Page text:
Chiaw Lan Lake

We unfortunately overslept and subsequently rushed to pack up our gear and get some breakfast. Today we are travelling to Chiaw Lan Lake on a tour arranged from Our Jungle House. The lake was created with the building of a dam in the 60′s and we have read previously about the somewhat negative impact it had on the wildlife and plantlife. Still the lake is apparently very beautiful and Klaus assures us it will be one of the highlights of our time spent in the Thai jungle.

Our travelling companions will be Bonny, Bina and Lauren; they are all travelling around Thailand. Bonny is from America and is holidaying for a few weeks and Bina and Lauren are on their way to Laurens home country Australia, before they return to their jobs in the UK. It’s great that there are only 7 of us on the minivan and we stop off on the way at the ATM to get some cash and a snack of sticky rice and coconut wrapped in banana leaves straight off the grill.

After an hour we arrive at the pier and get on an open topped longtail boat, the scenery is stunning .The cliffs were originally coral reefs on the bottom of the seabed and were pushed up to the surface by plate movement over 225 million years ago. We watch out for wildlife and our guide Daeng points out some rustling trees where monkeys are swinging. We arrive at the rafthouse accommodation we have booked as part of our tour. The rafthouses are made of bamboo and float precariously along a line, attached to a platform. It is without a doubt the most “rustic” place we have stayed in and it looks really great. To our delight Daeng tells us we 7 are at present the only guests. How fabulous, we joke about being VIP’s in a little known celebrity hideout. We inch along the bamboo platform and as it is safe to swim here, waste no time stripping off to our swim gear and diving in. The water is so warm like a bath and we have great time splashing around in the deep clear green waters.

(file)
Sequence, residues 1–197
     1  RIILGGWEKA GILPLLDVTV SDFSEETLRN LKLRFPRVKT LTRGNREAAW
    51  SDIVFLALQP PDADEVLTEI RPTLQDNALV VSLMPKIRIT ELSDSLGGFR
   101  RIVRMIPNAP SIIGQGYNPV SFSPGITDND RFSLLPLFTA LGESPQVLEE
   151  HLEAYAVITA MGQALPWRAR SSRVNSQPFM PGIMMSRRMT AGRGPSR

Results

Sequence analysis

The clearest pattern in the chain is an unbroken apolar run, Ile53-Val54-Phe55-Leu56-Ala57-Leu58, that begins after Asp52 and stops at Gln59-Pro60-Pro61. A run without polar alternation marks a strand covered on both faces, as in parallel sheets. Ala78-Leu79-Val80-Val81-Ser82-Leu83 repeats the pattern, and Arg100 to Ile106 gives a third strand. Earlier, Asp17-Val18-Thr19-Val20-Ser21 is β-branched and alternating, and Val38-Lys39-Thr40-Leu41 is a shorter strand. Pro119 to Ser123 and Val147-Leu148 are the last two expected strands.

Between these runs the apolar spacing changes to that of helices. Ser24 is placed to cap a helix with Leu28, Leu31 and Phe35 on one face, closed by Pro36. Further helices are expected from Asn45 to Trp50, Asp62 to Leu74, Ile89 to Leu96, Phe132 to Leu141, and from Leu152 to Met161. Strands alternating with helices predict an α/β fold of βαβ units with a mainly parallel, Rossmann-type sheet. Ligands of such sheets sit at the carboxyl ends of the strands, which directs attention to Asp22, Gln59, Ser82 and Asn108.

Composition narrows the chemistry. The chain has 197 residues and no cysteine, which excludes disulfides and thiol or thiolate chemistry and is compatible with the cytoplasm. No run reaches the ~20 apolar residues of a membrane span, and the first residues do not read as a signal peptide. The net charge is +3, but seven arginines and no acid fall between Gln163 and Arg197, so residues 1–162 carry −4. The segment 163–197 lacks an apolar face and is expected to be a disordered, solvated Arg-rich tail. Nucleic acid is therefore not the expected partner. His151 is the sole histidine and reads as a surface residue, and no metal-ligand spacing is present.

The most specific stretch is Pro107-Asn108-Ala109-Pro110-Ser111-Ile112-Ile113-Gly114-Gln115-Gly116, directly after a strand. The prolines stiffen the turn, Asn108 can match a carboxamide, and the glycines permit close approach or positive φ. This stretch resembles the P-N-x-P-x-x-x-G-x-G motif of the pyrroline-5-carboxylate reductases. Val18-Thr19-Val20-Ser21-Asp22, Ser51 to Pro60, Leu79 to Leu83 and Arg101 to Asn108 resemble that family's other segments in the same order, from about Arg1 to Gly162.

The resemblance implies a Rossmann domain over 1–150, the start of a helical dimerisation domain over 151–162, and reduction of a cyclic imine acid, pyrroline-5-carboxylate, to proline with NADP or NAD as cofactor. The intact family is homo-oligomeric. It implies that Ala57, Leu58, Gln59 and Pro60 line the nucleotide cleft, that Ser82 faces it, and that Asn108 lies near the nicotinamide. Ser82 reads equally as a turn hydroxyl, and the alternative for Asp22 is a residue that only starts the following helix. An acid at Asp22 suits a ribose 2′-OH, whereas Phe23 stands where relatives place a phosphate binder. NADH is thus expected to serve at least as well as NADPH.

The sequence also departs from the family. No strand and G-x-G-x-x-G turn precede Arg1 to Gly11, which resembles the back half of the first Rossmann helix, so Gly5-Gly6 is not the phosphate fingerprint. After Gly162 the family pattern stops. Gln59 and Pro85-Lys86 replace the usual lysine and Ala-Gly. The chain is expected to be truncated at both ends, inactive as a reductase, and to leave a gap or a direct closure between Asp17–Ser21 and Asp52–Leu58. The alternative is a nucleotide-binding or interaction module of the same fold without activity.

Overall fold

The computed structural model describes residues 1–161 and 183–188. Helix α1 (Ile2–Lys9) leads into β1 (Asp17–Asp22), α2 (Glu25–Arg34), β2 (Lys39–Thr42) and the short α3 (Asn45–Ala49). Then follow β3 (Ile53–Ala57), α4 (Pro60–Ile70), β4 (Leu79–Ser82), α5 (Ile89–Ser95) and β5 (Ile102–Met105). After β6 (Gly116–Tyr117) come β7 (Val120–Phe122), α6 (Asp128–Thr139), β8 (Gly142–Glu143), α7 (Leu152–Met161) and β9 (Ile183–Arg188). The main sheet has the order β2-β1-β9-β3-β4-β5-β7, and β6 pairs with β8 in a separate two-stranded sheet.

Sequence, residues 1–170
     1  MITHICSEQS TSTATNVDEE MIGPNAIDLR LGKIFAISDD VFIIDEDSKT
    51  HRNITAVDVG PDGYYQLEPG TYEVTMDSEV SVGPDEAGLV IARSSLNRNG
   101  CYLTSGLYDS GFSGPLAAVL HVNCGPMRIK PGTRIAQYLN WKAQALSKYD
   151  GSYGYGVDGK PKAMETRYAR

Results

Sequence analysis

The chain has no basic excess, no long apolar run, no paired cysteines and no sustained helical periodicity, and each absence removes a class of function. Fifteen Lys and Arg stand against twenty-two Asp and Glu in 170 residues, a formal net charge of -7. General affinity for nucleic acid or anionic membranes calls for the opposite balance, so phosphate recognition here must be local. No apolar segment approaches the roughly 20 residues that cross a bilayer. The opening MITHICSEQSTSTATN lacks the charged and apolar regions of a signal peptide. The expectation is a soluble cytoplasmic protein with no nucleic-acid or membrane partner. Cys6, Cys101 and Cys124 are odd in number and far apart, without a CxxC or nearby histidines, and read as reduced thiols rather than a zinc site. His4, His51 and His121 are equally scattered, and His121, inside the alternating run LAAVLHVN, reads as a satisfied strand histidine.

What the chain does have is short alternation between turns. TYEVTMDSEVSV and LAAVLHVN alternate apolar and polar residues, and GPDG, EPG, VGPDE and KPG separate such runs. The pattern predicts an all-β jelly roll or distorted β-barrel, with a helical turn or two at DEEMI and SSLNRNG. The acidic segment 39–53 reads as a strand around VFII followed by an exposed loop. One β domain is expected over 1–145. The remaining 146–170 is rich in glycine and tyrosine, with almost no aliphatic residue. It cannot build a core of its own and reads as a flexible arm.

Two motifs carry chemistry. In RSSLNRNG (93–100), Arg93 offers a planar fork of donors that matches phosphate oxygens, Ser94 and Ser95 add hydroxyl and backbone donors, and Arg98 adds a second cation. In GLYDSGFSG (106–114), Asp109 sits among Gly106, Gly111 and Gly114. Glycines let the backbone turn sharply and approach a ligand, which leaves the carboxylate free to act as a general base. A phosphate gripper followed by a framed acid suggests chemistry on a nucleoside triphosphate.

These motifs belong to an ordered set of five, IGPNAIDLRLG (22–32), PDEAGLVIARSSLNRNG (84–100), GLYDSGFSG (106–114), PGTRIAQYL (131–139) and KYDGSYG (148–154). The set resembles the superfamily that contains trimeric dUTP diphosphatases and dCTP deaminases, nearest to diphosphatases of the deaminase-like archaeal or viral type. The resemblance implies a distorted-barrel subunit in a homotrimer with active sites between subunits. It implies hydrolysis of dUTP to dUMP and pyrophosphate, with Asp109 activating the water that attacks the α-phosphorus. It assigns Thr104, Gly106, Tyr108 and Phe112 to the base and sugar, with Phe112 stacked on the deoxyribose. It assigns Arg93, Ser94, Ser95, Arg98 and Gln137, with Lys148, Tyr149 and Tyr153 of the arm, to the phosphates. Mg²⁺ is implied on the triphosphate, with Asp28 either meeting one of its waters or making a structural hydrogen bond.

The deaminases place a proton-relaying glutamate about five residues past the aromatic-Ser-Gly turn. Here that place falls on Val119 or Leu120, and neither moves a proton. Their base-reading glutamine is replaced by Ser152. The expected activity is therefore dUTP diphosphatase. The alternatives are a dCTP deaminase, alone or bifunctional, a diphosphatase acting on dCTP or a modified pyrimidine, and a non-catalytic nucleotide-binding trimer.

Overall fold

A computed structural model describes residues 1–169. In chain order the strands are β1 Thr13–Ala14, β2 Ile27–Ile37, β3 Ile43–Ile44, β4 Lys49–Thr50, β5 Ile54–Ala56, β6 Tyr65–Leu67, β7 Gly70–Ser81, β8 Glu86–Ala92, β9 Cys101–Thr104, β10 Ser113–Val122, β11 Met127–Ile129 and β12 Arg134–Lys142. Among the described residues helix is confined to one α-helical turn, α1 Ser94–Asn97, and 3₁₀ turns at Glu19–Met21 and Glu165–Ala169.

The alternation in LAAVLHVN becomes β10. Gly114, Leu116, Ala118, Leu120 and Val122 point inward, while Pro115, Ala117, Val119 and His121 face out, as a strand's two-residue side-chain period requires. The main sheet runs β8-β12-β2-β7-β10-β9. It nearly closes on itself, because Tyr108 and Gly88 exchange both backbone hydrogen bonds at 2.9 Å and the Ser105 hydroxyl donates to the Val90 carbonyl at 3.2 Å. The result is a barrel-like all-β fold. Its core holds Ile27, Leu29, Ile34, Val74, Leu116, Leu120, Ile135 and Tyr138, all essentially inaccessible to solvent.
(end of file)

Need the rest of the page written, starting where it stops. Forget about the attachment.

After lunch we get back into the longtail and Daeng takes us for a walk in the jungle. At around 40 minutes it is a complete “walk in the park” for us in comparison to our trek to see the Rafflesia yesterday and we make our way along quite well. Included in our trip is a bamboo raft ride. We have been on these long and graceful rafts before in Thailand but this one has a motor and before long we arrive at the entrance to a cave. Daeng and the other guide have brought fluorescent lighting with them and light the way for us and we stare up in awe at the stalactite and stalagmite rock formations. We have strict instructions not to touch anything and take even more care with our footsteps when Daeng shows us a massive spider.

As we motor back on the longtail boat the sky begins to change colour. The clear blue gives way to black and navy and we listen to the rolling thunder of the storm in the distance. The heavy skies are hot and humid and we hope it will pass else I guess we will be in for a wet and noisy night.

We dive into the lake as soon as we get back; Bina can’t swim but takes a lifebelt from the boat and very bravely gets in and has a float. Simon and Ali take the kayaks out on to the lake but return quickly as the wind gets stronger and small waves start to ripple across the calm, glassy surface of the water. By now it is quite cool and after dressing into warmer gear we get some food, steamed rice, a large fried fish, gaeng mussaman curry and steamed vegetables with fresh fruit for pudding. Yum!

Ali plays his guitar for a while and then everyone plays a card game called Backpacker except me who reads OK magazine. We have a toast to travelling, it’s been really great meeting Bina, Lauren and Bonny and we exchange email addresses with them in the hope of keeping in touch. They make us offers to contact them when we reach Australia and the US and we threaten that we might be begging for a cheap bed by then.